* Tonghua Golden-Horse, Golden Meditech among bidders -sources
* Ontario Teachers’, Permira also to bid -sources
* Binding bids due by end of this month
* Deal to value I-MED around 10-12 times its 2017 EBITDA
By Carol Zhong and Paulina Duran
HONG KONG/SYDNEY, Nov 1 (Reuters) - Two Chinese healthcare firms are among investors seeking to buy Australia’s I-MED Radiology Network in a deal that could value the X-ray provider at more than A$1 billion ($765 million), people with knowledge of the matter said.
Shenzhen-listed Tonghua Golden-Horse Pharmaceutical Industry and Hong Kong-listed Golden Meditech Holdings , are likely to participate in a second round of bidding, three people told Reuters.
The Ontario Teachers’ Pension Plan, Canada’s third-largest public pension plan, and London-based private equity firm Permira, are also expected to submit separate bids, two of the people said.
Binding bids are due by end of this month.
Chinese interest in Australia’s biggest X-ray provider comes as Beijing strives to overhaul its healthcare sector and boost the competitiveness of the domestic industry in overseas markets, with acquisitions one of the key planks for that drive.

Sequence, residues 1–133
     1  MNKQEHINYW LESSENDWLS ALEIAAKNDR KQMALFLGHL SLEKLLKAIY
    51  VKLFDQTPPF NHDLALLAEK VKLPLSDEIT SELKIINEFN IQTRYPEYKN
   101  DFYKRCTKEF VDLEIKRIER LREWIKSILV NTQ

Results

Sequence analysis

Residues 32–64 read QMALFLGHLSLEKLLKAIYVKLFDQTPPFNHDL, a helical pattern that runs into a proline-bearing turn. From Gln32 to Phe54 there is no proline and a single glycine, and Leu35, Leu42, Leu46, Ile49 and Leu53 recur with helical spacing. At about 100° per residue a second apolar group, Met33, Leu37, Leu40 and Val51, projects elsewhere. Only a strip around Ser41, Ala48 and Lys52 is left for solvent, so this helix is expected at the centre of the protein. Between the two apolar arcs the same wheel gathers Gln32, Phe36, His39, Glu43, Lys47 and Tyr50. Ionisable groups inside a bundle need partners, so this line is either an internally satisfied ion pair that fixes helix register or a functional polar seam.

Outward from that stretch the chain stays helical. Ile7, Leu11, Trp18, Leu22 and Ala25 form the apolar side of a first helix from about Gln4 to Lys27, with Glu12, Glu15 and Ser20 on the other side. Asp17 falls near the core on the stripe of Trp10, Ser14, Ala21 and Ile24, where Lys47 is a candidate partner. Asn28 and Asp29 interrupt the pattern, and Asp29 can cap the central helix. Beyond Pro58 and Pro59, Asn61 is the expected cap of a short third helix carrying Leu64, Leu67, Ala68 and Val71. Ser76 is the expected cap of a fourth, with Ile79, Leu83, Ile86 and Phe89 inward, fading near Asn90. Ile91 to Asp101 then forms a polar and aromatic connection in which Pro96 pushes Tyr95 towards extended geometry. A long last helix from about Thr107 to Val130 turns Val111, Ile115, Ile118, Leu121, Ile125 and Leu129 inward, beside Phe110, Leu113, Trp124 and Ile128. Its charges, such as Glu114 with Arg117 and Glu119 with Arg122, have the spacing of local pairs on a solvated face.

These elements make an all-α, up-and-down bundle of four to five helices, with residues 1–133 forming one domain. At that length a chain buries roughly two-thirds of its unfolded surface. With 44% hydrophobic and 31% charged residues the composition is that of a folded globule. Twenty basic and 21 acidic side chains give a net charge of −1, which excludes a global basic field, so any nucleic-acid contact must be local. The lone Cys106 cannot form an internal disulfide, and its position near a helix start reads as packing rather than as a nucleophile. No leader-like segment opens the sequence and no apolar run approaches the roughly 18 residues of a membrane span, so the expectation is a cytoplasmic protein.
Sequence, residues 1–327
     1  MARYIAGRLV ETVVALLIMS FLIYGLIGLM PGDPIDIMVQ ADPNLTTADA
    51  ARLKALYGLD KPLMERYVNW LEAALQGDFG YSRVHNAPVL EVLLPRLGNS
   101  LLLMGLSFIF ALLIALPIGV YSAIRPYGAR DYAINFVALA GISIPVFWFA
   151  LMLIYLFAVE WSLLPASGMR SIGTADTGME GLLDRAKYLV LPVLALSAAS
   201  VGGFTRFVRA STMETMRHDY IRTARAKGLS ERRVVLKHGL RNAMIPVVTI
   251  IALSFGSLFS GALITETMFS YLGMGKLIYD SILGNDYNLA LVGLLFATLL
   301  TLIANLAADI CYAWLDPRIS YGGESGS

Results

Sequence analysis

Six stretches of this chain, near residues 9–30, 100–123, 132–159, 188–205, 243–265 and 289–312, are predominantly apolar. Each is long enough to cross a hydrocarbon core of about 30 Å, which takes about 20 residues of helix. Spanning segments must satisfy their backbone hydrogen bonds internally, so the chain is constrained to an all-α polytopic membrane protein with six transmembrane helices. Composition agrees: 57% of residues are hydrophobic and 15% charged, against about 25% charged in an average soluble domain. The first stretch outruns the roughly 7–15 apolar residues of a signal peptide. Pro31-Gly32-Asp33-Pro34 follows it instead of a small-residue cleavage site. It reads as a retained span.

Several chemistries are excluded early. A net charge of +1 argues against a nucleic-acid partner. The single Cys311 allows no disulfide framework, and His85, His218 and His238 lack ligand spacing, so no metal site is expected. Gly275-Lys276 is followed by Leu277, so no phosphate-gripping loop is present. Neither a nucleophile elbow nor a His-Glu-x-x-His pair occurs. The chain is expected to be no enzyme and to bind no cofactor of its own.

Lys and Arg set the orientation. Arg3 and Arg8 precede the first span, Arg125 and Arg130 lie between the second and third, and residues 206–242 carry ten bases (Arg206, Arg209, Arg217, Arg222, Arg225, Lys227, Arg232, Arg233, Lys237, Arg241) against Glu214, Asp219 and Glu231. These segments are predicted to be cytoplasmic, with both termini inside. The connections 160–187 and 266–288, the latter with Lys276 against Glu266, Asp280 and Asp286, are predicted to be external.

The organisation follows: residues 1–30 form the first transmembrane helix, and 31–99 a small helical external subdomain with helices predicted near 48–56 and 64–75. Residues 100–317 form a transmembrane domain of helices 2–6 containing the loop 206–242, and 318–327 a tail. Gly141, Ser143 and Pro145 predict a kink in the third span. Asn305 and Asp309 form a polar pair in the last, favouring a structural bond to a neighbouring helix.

With nearly 200 clinics cross Australia, I-MED has 18 percent of the nation’s diagnostic imaging services market, which is partially subsidised by the government, according to a September report by researcher IBISWorld.
I-MED’s owner, Swedish private equity firm EQT Holdings, has hired Morgan Stanley and Rothschild to manage the sale process, the people said, who declined to be identified as the deal process is not public.
Representatives from Tonghua Golden-Horse, Golden Meditech, I-MED, Ontario Teacher’s Pension Plan and Rothschild did not respond to Reuters requests for comment. EQT, Morgan Stanley and Permira declined to comment.
I-MED booked A$608 million in sales and A$100 million in earnings before interest, tax, depreciation and amortization (EBITDA) in its 2016 financial year, according to EQT’s website. (Reporting by Carol Zhong of Basis Point, Julie Zhu in Hong Kong and Paulina Duran in Sydney; Additional reporting by Kane Wu in Hong Kong; Editing by Sumeet Chatterjee and Edwina Gibbs)